I understood that the lawsuit implies that APIs are not copyrightable.

Hardware CPU ISAs (e.g. x86 and ARM) are an API (?), and could have different implementations.

However, there are precedents where CPU developer companies have sued / "cease and desist"ed re-implementors, such as ARM v. Amber.

So would the lawsuit mean that ISAs can also be re-implemented?

Of course, I expect the answer to be no and that it is just my lack of understanding of the case. How is the Java API different from an ISA?

This video claims that companies managed to re-implement the "retractable pen" hardware "API" to avoid patent infringement seen here on YouTube, how are ISAs different?

ReactOS is a project that comes to mind back to software land.

  • I think your understanding that "the lawsuit implies that APIs are not copyrightable" is incorrect. The (higher) appeals court found that API are eligible for copyright, and then, after that, the lower court (in a jury trial) found that Google's use of the Java API in Android happened to be permissible under Fair Use.
    – apsillers
    Jun 13, 2016 at 18:32
  • @apsillers Why is Java API ok for Fair Use but not ISAs? Jun 13, 2016 at 18:38
  • @apsillers thanks for clarifying, I understand better. Consider saying that in an answer. Law is a messy thing... I think this does deprive Oracle from income which is one of the factors. Jun 13, 2016 at 21:23

2 Answers 2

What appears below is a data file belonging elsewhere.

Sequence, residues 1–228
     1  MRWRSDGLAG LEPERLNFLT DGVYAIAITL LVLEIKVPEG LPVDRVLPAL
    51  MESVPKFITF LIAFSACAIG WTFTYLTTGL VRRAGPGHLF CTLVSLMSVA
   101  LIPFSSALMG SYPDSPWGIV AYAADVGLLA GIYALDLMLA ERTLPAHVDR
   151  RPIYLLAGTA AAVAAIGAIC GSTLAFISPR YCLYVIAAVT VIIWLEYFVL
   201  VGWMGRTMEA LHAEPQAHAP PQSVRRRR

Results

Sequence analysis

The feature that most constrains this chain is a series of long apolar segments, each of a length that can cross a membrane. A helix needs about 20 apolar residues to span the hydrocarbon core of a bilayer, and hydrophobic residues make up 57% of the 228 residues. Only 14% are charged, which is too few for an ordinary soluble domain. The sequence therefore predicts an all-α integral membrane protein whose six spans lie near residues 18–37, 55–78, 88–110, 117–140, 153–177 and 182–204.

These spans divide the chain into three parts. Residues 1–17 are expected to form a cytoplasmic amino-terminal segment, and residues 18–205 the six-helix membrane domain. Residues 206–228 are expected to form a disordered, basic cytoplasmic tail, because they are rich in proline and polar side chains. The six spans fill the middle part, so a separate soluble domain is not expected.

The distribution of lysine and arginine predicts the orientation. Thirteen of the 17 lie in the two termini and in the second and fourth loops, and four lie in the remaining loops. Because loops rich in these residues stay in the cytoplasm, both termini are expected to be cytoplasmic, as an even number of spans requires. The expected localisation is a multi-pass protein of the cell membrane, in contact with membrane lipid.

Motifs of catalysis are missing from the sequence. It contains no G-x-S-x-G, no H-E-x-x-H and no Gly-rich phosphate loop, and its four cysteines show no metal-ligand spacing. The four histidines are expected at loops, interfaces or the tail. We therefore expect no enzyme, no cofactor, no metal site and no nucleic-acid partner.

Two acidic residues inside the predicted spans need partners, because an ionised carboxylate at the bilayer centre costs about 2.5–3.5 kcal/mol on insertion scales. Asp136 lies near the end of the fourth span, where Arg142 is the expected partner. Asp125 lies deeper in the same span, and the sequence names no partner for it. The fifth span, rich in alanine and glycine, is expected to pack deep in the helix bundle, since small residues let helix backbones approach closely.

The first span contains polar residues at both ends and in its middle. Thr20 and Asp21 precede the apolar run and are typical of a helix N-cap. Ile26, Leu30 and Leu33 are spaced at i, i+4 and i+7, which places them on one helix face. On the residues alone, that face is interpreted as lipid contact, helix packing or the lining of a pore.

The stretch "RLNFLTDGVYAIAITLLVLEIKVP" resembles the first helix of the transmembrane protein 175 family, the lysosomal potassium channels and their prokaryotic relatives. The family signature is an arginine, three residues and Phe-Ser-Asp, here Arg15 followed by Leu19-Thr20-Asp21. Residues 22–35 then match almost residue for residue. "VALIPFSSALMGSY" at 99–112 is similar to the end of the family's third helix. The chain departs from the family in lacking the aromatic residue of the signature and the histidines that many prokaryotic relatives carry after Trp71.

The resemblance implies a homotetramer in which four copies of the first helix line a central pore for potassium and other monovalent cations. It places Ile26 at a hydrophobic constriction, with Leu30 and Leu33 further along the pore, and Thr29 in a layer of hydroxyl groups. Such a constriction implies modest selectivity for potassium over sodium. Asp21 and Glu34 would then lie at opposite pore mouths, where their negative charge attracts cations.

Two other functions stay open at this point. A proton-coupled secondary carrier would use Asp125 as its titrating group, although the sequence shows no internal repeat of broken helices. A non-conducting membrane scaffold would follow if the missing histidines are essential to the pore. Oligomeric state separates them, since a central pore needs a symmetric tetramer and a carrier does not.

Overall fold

"I understood that the lawsuit implies that APIs are not copyrightable." Completely, absolutely, one hundred percent wrong. The result was that APIs are indeed copyrighted. The other result was that under certain circumstances, a "fair use" defence against a copyright infringement claim can be successful.

And a lawsuit never, ever applies to all possible circumstances. The result was that in one particular instance, in a decision that will likely be appealed, where the defendant had a lot of very expensive and presumably very good lawyers, a "fair use" defence was successful. Every case is different. There is no reason to assume that in a similar case a similar defence will work.

Assuming that a court decision about APIs would apply to processor ISAs is just ridiculous.


This case was considered "fair usage" by a jury, which always requires a case-by-case analysis.

So while we may guess that similar cases are likely to have similar outcomes, relying on it is very risky and you can't know the answer without going to court. @Dawn mentions that this does not form a precedent however.

Unlike the usual "innocent until proven guilty", fair usage is an Affirmative defense: it is up to the defendant to convince the jury that something was fair use.

The jury is then given some official fair usage criteria, and then decides if the case fits or not. These were the instructions for this case.

Juries don't explain why their decision is made, the only output is yes or no, so we don't know what is their reasoning for fair usage.

In this case, I'm not sure I agree with the jury, since this did reduce the value of the Java API for Oracle, as it will prevent them from making people pay for using it in certain ways.

So I still don't see how this case is different from CPU ISAs.

For more details see:

Attribution: apsillers mentioned some of this a comment.

  • That jury ruling does not form any precedent.
    – user3851
    Jun 14, 2016 at 13:34
  • @Dawn thanks for explaining. I obviously don't know the precise definition of precedent, what I meant is that similar cases in the future are likely to have similar results. Jun 14, 2016 at 13:40

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